When we drove into Jerusalem yesterday, we listened to "Jerusalem, Jerusalem."
Take a listen:
Jerusalem is the most important city in the world.
It's the only city God ever chose (I Kings 14:21; II Chron. 6:6) And no city occupies more of a prominent role in God's work on earth.
Ronnie Cohan, our excellent tour guide, took us to a lookout to end our day yesterday and to prepare us for the next four days in Jerusalem.
As important as Jerusalem is, Jesus spent relatively little time in the Holy City. Our group from EBBC just finished four days of touring the areas around the Sea of Galilee, where our Lord spent most of His earthly ministry. Jerusalem's significance in the life and works of Jesus were almost entirely done during one week, from the triumphal entry until His resurrection from the dead the following Sunday.
The Israel Museum
Jerusalem has been destroyed by enemy forces 17 times. That means the first century Jerusalem in which Jesus walked is about 20 feet underground beneath nearly twenty other occupations. When you add to that the Vatican's (Roman Catholic Church) proclivity for building massive, ornate Churches on nearly every Biblical site, it becomes challenging to be able to envision what the old, first-century Jerusalem looked like. So, going to the Israel Museum and the Model of Jerusalem in the Second Temple Period first, was extriordinarily helpful. We were also able to see artifacts, along with the Dead Sea Scrolls that were dound at Qumran. (They didn't allow photography inside the museum.)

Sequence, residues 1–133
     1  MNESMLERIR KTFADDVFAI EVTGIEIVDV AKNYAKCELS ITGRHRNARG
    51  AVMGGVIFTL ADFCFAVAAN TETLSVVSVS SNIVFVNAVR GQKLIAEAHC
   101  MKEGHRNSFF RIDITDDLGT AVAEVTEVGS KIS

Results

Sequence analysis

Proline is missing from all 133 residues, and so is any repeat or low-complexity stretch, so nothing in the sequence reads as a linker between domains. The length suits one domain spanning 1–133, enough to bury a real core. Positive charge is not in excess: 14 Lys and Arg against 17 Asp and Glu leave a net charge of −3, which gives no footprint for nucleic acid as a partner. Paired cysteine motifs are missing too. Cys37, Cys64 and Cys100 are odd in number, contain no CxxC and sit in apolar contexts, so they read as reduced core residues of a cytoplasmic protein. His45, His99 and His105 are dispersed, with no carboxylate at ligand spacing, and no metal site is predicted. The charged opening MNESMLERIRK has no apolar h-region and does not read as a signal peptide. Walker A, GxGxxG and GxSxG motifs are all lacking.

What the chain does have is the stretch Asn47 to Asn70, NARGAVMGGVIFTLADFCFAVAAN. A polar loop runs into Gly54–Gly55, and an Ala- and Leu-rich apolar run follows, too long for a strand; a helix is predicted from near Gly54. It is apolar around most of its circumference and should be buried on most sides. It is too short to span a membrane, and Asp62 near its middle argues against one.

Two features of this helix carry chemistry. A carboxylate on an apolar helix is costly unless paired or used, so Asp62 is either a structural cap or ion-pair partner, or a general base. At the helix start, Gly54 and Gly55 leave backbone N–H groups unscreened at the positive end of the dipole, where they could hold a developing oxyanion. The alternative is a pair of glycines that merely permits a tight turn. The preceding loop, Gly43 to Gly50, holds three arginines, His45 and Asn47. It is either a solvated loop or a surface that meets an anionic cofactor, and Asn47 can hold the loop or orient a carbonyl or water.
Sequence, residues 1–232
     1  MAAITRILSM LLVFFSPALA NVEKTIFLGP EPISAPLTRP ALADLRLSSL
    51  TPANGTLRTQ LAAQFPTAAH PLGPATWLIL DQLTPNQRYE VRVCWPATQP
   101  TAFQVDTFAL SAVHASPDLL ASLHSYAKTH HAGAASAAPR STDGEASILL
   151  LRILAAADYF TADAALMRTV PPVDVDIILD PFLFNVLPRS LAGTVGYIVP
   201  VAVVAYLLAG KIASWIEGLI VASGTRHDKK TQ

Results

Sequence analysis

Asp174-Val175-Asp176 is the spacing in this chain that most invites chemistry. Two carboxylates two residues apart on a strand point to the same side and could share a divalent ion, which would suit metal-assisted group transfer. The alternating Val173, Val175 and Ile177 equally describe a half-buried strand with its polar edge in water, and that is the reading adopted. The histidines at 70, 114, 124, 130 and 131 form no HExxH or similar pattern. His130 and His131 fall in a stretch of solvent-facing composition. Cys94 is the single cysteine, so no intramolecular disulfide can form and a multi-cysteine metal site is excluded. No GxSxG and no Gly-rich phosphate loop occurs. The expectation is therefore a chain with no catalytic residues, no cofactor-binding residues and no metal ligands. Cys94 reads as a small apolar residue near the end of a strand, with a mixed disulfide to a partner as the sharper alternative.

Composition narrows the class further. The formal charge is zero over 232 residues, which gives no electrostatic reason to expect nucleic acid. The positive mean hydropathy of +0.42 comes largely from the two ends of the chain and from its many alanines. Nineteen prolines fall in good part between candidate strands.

Mount of Olives
We started atop the Mount of Olives this morning.
The Mount of Olives is to the east of the old city of Jerusalem. It is 2,500 feet at its peak. Of course, it is named "The Mount of Olives" because it was once covered with olive groves.
David fled his own son, Absalom, by fleeing here to the Mount of Olives. He went up the Mount weeping and barefoot. (II Sam. 15:30-37) Ironically, Absalom is buried at the bottom of the Mount of Olives.
Sadly, King Solomon built idolatrous, pagan shrines for his multiple wives on the southern portion of the Mount of Olives.
The Prophet Ezekiel saw the glory of the Lord leaving the Temple and Jerusalem through the Mount of Olives. (Ezekiel 43:1-5) And, later Ezekiel described the glory of the Lord returning to the new temple over the Mount of Olives, from the east.
The prophet Zechariah described a day when the Lord's feet would stand on the Mount of Olives and split it in two. (Zechariah 14:3-5)
Jesus rode a donkey down the Mount of Olives for His triumphal entry into Jerusalem. (Matthew 21:1-11; Mark 11:1-10;Luke 19:28-40; John 12:12-16)
Jesus cried over the Jerusalem from thr Mount of Olives. (Luke 19:41-44)
Jesus prophesied the future for Jerusalem to His disciples from the Mount of Olives (Matthew 24-25; Mark 13:1-37; Luke 21:5-36)
Jesus, with His disciples, left the upper room and walked to the garden of Gethsemene, on the Mount of Olives, where He prayed. He was arrested here.
After His resurrection, Jesus ascended from the Mount of Olives. (Luke 24:50-53; Acts 1:9-12)
There was more we covered in Jerusalem today that I will include in tomorrow's update. We finished the night at the Western Wall. After the Romans destroyed the temple in 70AD, the Jews were only allowed to come to the ruins of the temple once a year to pray and lament the Temple's destruction. Sometimes during the past 2000 years they were allowed to come once a month. But it wasn't until 1967 after the Six Day War that the Western Wall was cleared for Jews to pray and read Psalms at.
More tomorrow from today, and tomorrow.
All for now. I'm pretty tired.